• Validity. Most Residence subcategories are valid for up to two years and can be renewed for an additional two-year period or converted to permanent residence. Exceptions exist, including for the investor visa, where residence authorization can be granted for an indefinite duration.
    • Residence and temporary visa categories for workers.
      • RNE card renamed CRNM. The former RNE card, the long-term identity document issued after Federal Police registration, has been renamed the CRNM (“Carteira de Registro Nacional Migratório”).
      • Offer of employment. For both categories, foreign nationals must have an offer of employment by a Brazilian entity. There are exceptions for foreign nationals who hold a university degree in a profession considered “strategic to the country,” though this term remains undefined at this time.
      • Procedures, eligibility, and document requirements. Information on these requirements has not been released; Fragomen is monitoring the situation and will revert with updates.
      • Change of status. Foreign nationals who have entered Brazil in visitor status may now apply for Residence Authorization without having to leave the country, as was previously required. 
  • Irregular status. Foreign nationals in Brazil without legal status (deemed “irregular”) can no longer be prevented from filing an in-country Residence Authorization.  
  • Fines and penalties. Foreign nationals who violate immigration laws are subject to deportation and fines ranging from the equivalent of USD 35 to 3,500. Companies may be fined between USD 350 to 350,000, which is a significant increase from penalties under the old law.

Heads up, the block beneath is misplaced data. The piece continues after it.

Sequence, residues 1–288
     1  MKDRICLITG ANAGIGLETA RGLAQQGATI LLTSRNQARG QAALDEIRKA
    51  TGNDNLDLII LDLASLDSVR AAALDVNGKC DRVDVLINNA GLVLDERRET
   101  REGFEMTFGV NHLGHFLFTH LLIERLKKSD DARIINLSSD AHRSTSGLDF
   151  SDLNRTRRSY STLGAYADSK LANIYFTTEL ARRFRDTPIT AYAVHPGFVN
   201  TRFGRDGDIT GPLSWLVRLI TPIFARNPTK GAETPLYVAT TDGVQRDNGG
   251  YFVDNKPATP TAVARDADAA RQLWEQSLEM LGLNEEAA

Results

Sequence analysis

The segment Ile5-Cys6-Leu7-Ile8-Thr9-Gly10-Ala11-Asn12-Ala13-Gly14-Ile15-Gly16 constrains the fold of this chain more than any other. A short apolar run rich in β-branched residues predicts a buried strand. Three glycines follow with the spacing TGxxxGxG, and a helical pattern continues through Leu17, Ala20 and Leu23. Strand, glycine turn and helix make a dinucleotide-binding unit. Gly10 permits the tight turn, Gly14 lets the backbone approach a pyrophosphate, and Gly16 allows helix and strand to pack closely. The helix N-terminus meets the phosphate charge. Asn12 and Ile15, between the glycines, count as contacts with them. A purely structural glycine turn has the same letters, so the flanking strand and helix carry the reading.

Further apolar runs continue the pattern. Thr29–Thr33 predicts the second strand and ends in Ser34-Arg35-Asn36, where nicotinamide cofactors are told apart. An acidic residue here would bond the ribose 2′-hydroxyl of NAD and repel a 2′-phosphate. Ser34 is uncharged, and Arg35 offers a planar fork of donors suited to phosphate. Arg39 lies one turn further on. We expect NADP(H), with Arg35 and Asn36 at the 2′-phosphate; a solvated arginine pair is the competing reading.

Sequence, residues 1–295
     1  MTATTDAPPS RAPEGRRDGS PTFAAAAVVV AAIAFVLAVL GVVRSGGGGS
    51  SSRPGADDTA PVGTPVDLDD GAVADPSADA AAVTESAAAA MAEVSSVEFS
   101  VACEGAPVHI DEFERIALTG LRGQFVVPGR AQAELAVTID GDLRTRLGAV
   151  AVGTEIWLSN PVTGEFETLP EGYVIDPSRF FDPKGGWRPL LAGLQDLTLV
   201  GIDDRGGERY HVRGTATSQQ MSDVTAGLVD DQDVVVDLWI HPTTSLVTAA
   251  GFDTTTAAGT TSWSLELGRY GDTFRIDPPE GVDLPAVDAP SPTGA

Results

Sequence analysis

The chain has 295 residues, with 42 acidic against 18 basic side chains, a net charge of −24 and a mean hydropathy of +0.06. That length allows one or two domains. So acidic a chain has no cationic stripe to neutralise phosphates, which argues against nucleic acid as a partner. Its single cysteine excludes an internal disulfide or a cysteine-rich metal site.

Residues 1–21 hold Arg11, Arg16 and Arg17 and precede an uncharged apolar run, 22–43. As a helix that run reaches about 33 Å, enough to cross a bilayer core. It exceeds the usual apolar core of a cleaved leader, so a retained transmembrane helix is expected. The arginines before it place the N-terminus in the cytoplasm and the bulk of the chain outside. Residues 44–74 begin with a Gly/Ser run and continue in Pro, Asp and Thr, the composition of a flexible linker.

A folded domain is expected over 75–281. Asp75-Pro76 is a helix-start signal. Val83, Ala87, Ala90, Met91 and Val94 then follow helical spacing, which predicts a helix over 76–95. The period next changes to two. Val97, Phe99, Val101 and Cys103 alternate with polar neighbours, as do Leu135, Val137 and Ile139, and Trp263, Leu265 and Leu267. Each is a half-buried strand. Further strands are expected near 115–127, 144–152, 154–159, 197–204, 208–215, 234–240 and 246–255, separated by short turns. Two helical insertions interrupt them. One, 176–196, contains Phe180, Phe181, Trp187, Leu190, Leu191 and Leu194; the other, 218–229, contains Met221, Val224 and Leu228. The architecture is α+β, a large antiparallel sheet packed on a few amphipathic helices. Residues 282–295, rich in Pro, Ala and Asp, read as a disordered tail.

• Transition period. Visa applications filed at the Ministry of Labor prior to November 21, 2017 will be adjudicated based on the former law, provided that the corresponding consular visa is obtained at the Brazilian Consulate abroad within 90 days of the Ministry of Labor approval of the application and publishing it in the Official Gazette.


Implications for employers and foreign nationals

Foreign nationals already in Brazil do not have to complete any additional requirements, provided they have valid work or residence status and have registered with the Federal Police under the previous law.  Renewal applications may be subject to different requirements; however, the specifics of any requirements will not be confirmed until the Normative Resolutions are released.

There is still uncertainty around details related to the new law given that the related resolutions have yet to be issued.  Brazil seems to be easing eligibility requirements and streamlining processes for all categories of foreign nationals.

Looking ahead

Foreign nationals and employers should be aware that government officials will likely take a cautious approach to adjudicating applications during the transition period as official legislation and system updates are still pending. Foreign nationals and employers should also be prepared for delays in processing of all immigration related applications in Brazil. Foreign nationals should expect significant delays with the Federal Police, the entity with which foreign nationals must register their visas within 90 days of entry.  Specifically, foreign nationals should expect to see the cancellation of some registration appointments, delaying the issuance of their CRNMs, and, as a result, preventing them from conducting local transactions such as obtaining a cell phone or opening a bank account.

Please consult your immigration provider for further information during this transitional period.

Fragomen in Brazil is Fragomen Brasil Serviços de Imigração Ltda., operating exclusively as an immigration consultancy and not as a law firm in Brazil.

This alert is for informational purposes only. If you have any questions, please contact the global immigration professional with whom you work at Fragomen